Figure 3.2: Negative attitudes of people around me by income (2013)

Figure 3.2: Negative attitudes of people around me by income (2013)

Base: All respondents who identified as having a mental health problem
Sample size: 417

What recovery means?

3.16 People with a mental health problem were asked: 'What does recovery mean to you?' and could choose as many answer options as applied to them from a list of possible factors[27]. Change over time is not included in this section of the report due to the difficulty in clarifying whether these changes are genuine or a feature of the different data collection methods. The five most commonly chosen answer options in 2013 were (for full results see Table A.8 in Annex A):

  • Having a satisfying and fulfilling life (55%)
  • Getting back to normal (46%)
  • Taking charge of my life again (44%)
  • Feeling able to cope in general (37%)
  • Getting more sleep (20%)

3.17 With regard to what recovery means to people, the only demographic factors which showed a significant association were gender and education (for full details see Table A.9 in Annex A). Women were more likely than men to say that recovery means 'feeling able to cope in general' (42% compared with 30% of men). People with higher levels of education (degrees or Highers) were more likely than those with lower levels of education to choose 'taking charge of my life again' and 'feeling able to cope in general'.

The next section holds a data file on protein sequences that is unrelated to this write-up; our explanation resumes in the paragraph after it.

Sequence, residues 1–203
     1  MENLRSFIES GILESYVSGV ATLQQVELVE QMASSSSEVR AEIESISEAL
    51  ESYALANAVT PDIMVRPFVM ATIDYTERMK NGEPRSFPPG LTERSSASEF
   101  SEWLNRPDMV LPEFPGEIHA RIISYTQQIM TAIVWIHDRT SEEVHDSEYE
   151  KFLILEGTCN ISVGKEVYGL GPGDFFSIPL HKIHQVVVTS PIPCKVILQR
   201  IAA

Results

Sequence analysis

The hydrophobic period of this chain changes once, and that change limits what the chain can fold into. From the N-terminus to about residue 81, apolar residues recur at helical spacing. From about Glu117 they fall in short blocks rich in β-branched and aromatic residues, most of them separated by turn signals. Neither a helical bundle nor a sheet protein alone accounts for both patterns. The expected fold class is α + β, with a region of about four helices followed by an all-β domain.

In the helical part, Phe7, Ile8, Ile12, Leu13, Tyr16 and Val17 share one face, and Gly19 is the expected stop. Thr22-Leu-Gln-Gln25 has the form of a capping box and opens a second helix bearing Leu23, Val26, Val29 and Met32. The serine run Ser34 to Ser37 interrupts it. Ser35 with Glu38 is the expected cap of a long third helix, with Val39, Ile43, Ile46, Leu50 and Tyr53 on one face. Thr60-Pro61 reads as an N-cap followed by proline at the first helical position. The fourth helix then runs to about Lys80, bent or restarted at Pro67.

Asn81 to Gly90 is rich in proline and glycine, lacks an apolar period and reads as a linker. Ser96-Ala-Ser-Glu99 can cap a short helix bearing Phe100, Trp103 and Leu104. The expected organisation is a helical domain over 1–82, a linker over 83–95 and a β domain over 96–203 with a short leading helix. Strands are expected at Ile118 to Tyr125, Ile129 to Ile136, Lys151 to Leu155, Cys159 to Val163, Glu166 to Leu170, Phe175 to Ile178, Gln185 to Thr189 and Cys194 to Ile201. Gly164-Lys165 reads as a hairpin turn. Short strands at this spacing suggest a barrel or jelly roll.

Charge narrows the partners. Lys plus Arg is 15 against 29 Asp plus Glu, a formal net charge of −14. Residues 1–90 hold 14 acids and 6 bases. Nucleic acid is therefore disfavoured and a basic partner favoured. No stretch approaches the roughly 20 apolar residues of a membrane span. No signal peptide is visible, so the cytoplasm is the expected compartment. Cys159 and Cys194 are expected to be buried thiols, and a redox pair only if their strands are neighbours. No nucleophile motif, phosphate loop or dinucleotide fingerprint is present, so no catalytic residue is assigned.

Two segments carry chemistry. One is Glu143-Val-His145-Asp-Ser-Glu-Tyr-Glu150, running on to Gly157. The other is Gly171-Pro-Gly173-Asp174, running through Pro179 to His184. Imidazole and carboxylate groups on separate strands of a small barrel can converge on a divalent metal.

Messages about recovery from professionals, and from family and/or friends

3.18 People with mental health problems were asked to what extent professionals (nurses, doctors, support workers etc), and family and/or friends, gave them a positive or negative message about their recovery (Figure 3.3 below). The possible answer categories were: completely positive, mainly positive, mixed, mainly negative and completely negative. Hope and optimism have been evidenced to be core elements of personal recovery (Leamy et al, 2011). As such it is important that the messages which are shared with people experiencing problems are positive. Overall, the vast majority of people received either a completely or mainly positive message from both professionals, and from family and/or friends. A higher proportion of people said that their family and/or friends gave them a completely positive message about their recovery (36%) than said the same about professionals (28%). Twenty percent of people said they had received 'mixed' messages about their recovery from professionals and 21% had from their family and/or friends. Only 2% of people said they were given either a mainly or completely negative message about their recovery from professionals and 3% said this of their family and/or friends.

Figure 3.3: Messages about recovery from professionals, and from family and/or friends (2013)

Figure 3.3: Messages about recovery from professionals, and from family and/or friends (2013)

Base: All respondents who identified as having a mental health problem.